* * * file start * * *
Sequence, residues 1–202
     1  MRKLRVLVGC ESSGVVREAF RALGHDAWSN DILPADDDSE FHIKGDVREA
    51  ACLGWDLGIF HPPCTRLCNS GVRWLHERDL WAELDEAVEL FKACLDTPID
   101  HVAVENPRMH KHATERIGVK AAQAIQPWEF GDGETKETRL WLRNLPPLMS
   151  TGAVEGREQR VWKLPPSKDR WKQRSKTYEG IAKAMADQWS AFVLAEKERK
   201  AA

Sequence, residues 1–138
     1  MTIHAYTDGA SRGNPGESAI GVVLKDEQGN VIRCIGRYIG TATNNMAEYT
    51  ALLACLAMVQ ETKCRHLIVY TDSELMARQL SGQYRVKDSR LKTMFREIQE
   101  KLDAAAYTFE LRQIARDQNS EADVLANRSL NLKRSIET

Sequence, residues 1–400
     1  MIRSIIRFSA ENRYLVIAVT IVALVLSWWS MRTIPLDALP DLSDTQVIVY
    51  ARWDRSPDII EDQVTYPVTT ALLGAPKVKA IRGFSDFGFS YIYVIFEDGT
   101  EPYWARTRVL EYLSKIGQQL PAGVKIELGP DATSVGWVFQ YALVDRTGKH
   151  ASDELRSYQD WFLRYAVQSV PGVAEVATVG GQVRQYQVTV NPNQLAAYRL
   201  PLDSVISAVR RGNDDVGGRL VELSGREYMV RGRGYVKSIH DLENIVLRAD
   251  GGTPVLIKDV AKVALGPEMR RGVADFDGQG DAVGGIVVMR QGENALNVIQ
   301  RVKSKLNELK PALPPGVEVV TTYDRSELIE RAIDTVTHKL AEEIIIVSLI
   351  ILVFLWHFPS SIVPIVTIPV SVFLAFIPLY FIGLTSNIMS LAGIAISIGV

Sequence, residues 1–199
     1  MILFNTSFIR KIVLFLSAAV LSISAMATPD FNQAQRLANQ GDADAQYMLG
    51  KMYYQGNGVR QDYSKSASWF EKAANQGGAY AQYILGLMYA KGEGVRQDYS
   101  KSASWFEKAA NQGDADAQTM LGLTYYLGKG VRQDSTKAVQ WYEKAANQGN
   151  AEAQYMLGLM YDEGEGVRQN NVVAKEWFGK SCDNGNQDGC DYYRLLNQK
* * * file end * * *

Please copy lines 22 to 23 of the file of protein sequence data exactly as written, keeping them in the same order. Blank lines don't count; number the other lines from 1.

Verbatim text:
    51  KMYYQGNGVR QDYSKSASWF EKAANQGGAY AQYILGLMYA KGEGVRQDYS
   101  KSASWFEKAA NQGDADAQTM LGLTYYLGKG VRQDSTKAVQ WYEKAANQGN